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Let's get real about "Space Tourism"!

Posted by: virgair - Mon Oct 04, 2004 4:21 pm
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Let's get real about "Space Tourism"! 
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Post Let's get real about "Space Tourism"!   Posted on: Mon Oct 04, 2004 4:21 pm
OK! Scaled Composites has done it!~
The X-Prize is won.
"Space tourism" is doable, as far as engineering goes.
I repeat! [You reading this, Bad_Astra?] space tourism
is "technologically" DOABLE. :)

BUT!!! :( :( So were COMMERCIAL supersonic flights [remember
the Concorde, Bad_Astra?]

What can kill the space tourism business?
A lot! :x

(1) Lawsuits.

(2) Media hysteria, if a "space tourist" dies.

(3) Lawyers.

(4) Government restrictions, if a "space tourist dies", or someone on the
ground gets killed by falling debris.

(5) The Treehuggers.

(6) More government restrictions onn a global scale [United Nations meddling]

(7) Investors who suddenly get cold feet.


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Post    Posted on: Mon Oct 04, 2004 4:35 pm
You're mostly right. So what do we do? We either get depressed, or tackle each barrier as they come.

And besides, I think that this has captured peoples' imaginations, and there are quite a few companies working on space travel now. The more companies, the more money invested, and the more reason to overcome any of those issues listed.

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Post    Posted on: Mon Oct 04, 2004 4:38 pm
Points 1, 2 and 3 can easily be solved is tourists sign a waiver.

Most people would accept the risk of death - or any other mishap - is probably much greater than say, flying concorde.

For me, the pioneering act of travelling so far, so fast and so high far outweighs the potential risks.

My own personal feeling is enviromentalists (aka treehuggers) would slow the momentum of this thing taking off - until a more earth friendly fuel is used :roll:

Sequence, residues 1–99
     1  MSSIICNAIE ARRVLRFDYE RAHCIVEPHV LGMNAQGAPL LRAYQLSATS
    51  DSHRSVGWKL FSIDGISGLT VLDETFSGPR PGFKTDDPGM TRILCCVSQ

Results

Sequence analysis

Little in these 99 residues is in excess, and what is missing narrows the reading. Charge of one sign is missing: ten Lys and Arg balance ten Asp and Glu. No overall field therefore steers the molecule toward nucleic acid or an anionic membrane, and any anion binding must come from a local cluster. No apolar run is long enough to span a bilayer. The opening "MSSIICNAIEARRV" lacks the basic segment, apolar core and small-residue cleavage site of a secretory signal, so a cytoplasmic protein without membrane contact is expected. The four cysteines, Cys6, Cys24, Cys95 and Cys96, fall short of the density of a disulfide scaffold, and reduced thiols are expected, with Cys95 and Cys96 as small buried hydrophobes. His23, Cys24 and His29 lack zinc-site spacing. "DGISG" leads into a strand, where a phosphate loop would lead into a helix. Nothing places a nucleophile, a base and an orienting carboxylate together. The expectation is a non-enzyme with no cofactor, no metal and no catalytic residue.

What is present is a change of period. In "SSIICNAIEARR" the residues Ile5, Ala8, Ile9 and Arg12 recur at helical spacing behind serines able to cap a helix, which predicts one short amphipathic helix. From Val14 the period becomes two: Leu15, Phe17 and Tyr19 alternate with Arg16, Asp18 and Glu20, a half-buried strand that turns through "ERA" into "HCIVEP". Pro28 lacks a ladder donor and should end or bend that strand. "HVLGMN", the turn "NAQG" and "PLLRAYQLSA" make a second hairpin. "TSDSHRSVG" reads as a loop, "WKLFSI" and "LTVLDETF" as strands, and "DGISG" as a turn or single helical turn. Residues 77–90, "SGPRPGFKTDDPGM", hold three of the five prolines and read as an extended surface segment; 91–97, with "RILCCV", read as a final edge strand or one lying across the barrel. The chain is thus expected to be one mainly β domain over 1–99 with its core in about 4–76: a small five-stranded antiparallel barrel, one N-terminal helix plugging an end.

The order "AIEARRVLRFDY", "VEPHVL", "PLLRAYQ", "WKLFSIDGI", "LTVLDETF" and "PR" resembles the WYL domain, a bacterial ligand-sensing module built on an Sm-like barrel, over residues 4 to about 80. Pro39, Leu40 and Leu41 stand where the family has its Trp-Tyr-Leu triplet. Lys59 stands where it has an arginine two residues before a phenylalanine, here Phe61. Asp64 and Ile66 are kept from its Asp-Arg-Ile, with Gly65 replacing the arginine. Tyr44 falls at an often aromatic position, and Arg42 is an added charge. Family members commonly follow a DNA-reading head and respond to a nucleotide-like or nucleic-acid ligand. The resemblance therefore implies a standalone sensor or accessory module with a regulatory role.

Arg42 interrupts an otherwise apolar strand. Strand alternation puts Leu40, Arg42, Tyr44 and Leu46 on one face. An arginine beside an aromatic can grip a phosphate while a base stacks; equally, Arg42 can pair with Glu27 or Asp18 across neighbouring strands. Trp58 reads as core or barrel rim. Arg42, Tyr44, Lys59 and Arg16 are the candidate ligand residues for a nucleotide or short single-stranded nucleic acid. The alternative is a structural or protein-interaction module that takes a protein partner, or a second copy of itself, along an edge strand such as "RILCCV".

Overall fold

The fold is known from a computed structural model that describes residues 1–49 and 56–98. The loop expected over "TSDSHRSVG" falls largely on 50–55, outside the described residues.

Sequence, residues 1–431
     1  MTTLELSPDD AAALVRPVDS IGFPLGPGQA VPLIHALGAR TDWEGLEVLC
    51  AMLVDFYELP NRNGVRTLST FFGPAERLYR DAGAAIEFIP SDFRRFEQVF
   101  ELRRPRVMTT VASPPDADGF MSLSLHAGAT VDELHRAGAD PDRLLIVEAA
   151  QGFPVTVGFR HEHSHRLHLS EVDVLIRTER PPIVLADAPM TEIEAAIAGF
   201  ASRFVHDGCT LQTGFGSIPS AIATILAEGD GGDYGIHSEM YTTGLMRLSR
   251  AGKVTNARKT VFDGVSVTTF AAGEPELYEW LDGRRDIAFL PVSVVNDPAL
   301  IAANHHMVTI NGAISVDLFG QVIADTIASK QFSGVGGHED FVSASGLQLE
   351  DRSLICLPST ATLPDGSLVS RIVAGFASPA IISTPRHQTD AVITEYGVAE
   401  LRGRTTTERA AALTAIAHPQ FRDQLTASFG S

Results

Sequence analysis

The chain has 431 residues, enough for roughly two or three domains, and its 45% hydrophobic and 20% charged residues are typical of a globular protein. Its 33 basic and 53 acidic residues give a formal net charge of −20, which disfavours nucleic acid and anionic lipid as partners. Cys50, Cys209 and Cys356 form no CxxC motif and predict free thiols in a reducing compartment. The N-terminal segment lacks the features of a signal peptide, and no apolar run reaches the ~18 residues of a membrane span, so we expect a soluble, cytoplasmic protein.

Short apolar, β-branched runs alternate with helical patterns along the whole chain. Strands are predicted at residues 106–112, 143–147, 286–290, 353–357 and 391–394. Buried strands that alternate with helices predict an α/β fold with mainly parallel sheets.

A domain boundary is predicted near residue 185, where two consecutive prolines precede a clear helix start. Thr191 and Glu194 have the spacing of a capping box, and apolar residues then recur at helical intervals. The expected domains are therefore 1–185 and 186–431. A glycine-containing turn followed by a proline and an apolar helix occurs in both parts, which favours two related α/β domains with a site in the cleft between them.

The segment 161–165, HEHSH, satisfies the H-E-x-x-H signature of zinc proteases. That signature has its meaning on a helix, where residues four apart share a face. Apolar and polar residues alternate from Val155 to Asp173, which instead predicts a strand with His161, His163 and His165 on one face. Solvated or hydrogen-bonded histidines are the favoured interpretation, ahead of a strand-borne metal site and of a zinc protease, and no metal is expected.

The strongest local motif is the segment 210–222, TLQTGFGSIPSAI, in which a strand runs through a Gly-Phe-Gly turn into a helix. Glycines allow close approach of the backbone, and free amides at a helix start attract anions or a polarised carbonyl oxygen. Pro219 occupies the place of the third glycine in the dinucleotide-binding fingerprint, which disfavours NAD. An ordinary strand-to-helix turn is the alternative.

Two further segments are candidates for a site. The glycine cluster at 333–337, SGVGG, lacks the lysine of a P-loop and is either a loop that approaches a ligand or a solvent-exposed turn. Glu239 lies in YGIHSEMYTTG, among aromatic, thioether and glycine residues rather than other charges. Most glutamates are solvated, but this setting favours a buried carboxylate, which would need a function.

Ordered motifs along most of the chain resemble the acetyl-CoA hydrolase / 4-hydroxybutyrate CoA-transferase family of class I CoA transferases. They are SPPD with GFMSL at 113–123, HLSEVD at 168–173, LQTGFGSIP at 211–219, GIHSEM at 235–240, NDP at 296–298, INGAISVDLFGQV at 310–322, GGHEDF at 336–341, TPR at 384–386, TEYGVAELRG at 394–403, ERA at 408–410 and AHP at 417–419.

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Post Simple solution   Posted on: Mon Oct 04, 2004 4:42 pm
Uh oh. You're right. So now we have modify our orignal plan:

1. Make space travel affordable.

into something like this:

1. Shoot all lawyers.
2. Make space travel affordable.

Note to all space-loving lawyers: I wasn't talking about you, I meant those ugly space-hating lawyers :wink:

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Post Re: Let's get real about "Space Tourism"!   Posted on: Mon Oct 04, 2004 4:49 pm
This could probably have been written better, but I stayed up all night and all morning to watch the Science Channel live coverage. Exhaustion plus too much coffee plus 3 decades of doing things like drinking too much coffee and staying awake way too long will do that to ya. :lol: (well, OK, the first decade didn't involve coffee)

virgair wrote:
OK! Scaled Composites has done it!~
The X-Prize is won.
"Space tourism" is doable, as far as engineering goes.
I repeat! [You reading this, Bad_Astra?] space tourism
is "technologically" DOABLE. :)

BUT!!! :( :( So were COMMERCIAL supersonic flights [remember
the Concorde, Bad_Astra?]


Sorry to intrude into whatever argument you appear to be trying to start with someone else here on this forum, but I couldn't resist responding to some of this.

Quote:
What can kill the space tourism business?
A lot! :x


Smarter people than ourselves are pondering these issues as we speak, I'm sure.

Quote:
(1) Lawsuits.